If your government provides its workers with traditional defined-benefit pensions, you should know about recent changes in accounting and financial reporting requirements. They're about to make your life uncomfortable. New pension reporting will likely prompt challenging questions from the media, plan participants and taxpayers.
The changes in the way governments must measure and disclose information about pension plan assets and liabilities are the result of new rules from the Governmental Accounting Standards Board (GASB). The changes will mean that the pension funds of many governments -- those that haven't been doing as well as others in funding their retiree obligations -- will "appear significantly worse off than a year ago," as an article in the January issue of Governing noted.
Before sensational stories about pension underfunding begin appearing in the media, elected and appointed officials and others involved with administering governmental retirement plans need to understand the changes so that they can respond to questions in a better-informed way.
Although many public pension plans will appear to be less well funded, it is important to remember that the new GASB rules don't change the economic reality of the existing pension obligations. They do not require changes in the way plan-funding contributions are determined. The new rules do make it easier for plan participants, unions and taxpayers to monitor pension plan performance and current financial status, and they improve the information available to policy-makers to make key decisions.
Under the new GASB requirements, all state and local governments participating in defined-benefit pension plans will use the same method to calculate and report their net pension liabilities and pension expenses. Use of a standardized calculation method means that, for the first time, policy-makers can make meaningful comparisons of ratios of fund assets to employer liabilities and other key measures across plans, governments and time. Increased comparability makes it easier to evaluate requests for cost-of-living or other benefit increases and to resist pressure to underfund pension obligations.
Pension plans and some state and local governments are now issuing fiscal year-end 2014 financial reports that include these new and different pension disclosures, and it won't be long before the headlines about widespread underfunding of pension plans begin, along with challenging questions from concerned plan participants, advocacy groups and taxpayers. Now, before those questions start rolling in, is the time to communicate three simple facts:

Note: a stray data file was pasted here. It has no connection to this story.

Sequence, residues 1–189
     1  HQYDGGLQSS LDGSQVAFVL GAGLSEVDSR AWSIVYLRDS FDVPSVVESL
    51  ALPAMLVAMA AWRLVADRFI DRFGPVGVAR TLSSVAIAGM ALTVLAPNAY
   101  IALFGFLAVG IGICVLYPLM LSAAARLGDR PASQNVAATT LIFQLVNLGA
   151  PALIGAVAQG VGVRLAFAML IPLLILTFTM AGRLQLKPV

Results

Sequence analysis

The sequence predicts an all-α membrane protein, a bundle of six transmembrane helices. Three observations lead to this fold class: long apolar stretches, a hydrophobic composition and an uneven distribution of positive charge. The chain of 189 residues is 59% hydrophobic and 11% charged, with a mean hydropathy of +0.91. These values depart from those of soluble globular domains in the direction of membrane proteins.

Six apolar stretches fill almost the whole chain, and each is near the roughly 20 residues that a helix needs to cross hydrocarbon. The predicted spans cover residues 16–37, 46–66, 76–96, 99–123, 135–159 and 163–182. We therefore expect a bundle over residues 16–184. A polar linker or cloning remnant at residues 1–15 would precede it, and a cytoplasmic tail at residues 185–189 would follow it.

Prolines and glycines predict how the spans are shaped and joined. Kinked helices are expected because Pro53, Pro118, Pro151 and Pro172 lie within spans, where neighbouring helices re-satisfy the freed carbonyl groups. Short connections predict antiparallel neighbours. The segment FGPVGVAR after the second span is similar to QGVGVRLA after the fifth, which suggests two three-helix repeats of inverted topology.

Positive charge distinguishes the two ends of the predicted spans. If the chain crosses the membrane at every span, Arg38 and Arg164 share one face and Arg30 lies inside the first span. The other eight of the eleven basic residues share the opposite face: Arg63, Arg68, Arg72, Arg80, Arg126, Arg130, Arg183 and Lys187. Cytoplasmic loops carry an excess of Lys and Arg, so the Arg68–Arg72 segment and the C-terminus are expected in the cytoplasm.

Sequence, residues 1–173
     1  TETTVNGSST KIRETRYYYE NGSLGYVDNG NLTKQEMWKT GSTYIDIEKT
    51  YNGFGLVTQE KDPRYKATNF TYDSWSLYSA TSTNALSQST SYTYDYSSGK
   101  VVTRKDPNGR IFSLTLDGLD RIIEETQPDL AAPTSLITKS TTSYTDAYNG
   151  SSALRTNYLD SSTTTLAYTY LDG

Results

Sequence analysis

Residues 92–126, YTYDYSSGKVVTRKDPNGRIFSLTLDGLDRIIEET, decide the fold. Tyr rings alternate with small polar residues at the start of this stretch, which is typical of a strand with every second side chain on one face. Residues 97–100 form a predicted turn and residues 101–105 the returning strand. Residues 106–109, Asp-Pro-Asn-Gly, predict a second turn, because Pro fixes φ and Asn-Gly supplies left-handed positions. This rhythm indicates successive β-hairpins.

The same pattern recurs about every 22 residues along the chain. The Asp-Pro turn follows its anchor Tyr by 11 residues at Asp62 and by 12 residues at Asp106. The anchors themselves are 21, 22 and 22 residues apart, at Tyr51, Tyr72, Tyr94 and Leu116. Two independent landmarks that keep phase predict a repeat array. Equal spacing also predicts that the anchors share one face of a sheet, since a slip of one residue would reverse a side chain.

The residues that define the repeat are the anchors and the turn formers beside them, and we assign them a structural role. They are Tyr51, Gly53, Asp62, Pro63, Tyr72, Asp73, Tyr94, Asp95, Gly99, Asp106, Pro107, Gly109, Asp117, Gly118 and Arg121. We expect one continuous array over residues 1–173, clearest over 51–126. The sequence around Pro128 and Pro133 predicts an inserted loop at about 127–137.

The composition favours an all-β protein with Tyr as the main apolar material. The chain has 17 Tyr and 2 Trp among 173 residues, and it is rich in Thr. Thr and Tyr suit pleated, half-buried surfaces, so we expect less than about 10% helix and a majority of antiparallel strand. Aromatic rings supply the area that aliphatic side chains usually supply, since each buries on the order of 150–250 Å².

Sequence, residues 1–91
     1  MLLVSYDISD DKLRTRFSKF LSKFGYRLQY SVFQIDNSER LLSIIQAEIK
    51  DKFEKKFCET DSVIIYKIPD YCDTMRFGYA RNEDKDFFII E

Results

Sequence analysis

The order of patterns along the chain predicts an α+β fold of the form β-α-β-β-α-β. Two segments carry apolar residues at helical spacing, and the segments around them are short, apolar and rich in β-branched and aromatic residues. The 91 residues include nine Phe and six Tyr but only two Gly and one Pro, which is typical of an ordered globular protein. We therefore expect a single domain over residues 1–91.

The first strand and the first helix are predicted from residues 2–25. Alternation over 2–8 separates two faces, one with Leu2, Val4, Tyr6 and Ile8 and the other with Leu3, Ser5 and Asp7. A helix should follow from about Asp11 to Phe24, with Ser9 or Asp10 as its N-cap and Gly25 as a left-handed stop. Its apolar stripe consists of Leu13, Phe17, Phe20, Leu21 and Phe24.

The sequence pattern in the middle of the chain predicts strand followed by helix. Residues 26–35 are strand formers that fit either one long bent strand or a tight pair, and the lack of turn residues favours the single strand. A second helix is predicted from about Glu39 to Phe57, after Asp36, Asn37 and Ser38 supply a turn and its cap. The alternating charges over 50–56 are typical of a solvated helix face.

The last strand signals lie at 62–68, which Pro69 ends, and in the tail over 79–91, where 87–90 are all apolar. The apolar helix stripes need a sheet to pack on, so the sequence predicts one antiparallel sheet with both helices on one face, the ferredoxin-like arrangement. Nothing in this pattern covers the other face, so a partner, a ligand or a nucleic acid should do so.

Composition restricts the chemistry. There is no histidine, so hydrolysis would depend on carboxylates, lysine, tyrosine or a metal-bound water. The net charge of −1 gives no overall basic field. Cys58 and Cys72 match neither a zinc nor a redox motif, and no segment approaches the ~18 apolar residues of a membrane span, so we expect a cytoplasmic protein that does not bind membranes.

1. Actual pension obligations have not changed because of the new accounting standards; only the way they are measured and reported has changed.
2. Many pension plans will appear to be less well funded. This does not mean plan participants' benefits are less secure than they were when the amounts and ratios were computed differently.
3. The GASB accounting and reporting changes do not require changes in the way plans are funded. Funding decisions are made by policy-makers, not by accountants or accounting standards.
This new era of transparency and prominence for information on public pensions certainly will present challenges for public officials, but proactive communications now should mitigate some concerns and minimize the spread of misinformation. Helpful articles, summaries, fact sheets, videos and implementation guidance that can be used to improve public understanding of the pension accounting and reporting changes are available in GASB's free, downloadable Pension Toolkit.
There's another good reason for officials to make the effort now to learn how to answer difficult questions about pension liabilities: GASB is actively considering requiring governments to recognize and report retiree health-care liabilities following an approach similar to the new pension reporting standards. If that happens, it's likely that those mostly unfunded liabilities are also going to cause the government's financial position to look worse than previously. That will put an even higher premium on clear, concise and timely communications.